Home Sales Spike: Real Sign of Recovery?
That's not necessarily damning news, because new homebuyers were rushing in September 2009 to find a home before the end of the first tax credit last November. Sales fell and then picked up steam again in time for the second tax credit, which required a contract by April 30.
People rushed to sign a contract by April and most of those deals were closed by June, so July and August were very slow months. Most buyers pushed up their planned summer purchase to take advantage of the tax credit in April, especially after it became clear that Congress was not likely to pass another one.
The consensus estimate at briefing.com was 4.25 percent. Bloomberg's survey of 72 economists predicted a median projection of 4.3 million. So the new numbers were a pleasant surprise. (See a full-size version of the NAR chart below). The weakest rate we've seen this year was 3.84 million, which was in July immediately after the tax credit deals were done. No one was surprised by that weak showing.
Lawrence Yun, NAR's chief economist still expects choppy waters. He said, "A housing recovery is taking place but will be choppy at times depending on the duration and impact of a foreclosure moratorium. But the overall direction should be a gradual rising trend in home sales with buyers responding to historically low mortgage interest rates and very favorable affordability conditions."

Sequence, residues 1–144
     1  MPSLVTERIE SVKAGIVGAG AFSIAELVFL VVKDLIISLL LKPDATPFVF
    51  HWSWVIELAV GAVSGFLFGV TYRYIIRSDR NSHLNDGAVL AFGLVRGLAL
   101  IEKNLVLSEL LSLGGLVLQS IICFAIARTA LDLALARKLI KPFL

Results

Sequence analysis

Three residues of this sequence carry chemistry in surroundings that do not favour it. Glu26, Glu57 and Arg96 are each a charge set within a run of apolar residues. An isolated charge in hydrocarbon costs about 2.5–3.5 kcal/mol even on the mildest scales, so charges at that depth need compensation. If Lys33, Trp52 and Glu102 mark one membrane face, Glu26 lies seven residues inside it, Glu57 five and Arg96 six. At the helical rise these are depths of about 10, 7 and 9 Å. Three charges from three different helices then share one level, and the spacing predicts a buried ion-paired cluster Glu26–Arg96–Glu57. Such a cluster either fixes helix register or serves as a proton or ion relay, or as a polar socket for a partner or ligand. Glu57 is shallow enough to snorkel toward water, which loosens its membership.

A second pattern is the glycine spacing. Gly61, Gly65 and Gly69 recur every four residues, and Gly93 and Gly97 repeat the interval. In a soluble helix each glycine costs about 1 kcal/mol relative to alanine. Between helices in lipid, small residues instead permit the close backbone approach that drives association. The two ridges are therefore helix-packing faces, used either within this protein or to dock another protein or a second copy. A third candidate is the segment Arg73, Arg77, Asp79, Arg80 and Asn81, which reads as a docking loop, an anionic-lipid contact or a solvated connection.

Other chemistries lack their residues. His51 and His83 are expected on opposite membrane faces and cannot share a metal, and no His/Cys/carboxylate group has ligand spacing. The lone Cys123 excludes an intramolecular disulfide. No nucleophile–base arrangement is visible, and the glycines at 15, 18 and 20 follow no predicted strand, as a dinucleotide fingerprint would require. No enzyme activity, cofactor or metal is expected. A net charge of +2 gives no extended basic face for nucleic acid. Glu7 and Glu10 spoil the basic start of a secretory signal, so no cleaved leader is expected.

Whether or not the foreclosure moratorium will have a great impact on sales is the big question. In the hard-hit states, a huge percentage of sales are based on real estate brokers tell me those sales take months to close, so any impact of the moratorium will likely not be felt for months if at all.
Low interest rates certainly are helping to keep the market moving, but job growth rather than a foreclosure moratorium will likely have a greater impact on whether or not we see further recovery. The market is definitely primed for a recovery. "Home prices are running about 22 percent less than five years ago, " NAR President Vicki Golder said. "In fact, the median monthly mortgage payment in many areas is less than people are paying for rent," she added.
Everything is primed for a recovery with the Federal Reserve continuing to send the message that they plan to keep interest rates low for a while yet. So the two things holding back buyers is job growth and the security that house prices won't drop further. When buyers feel confident that we're at the bottom we'll probably see a lot more movement in real estate sales.
Lita Epstein has written more than 25 books including "The 250 Questions Everyone Should Ask About Buying Foreclosures."
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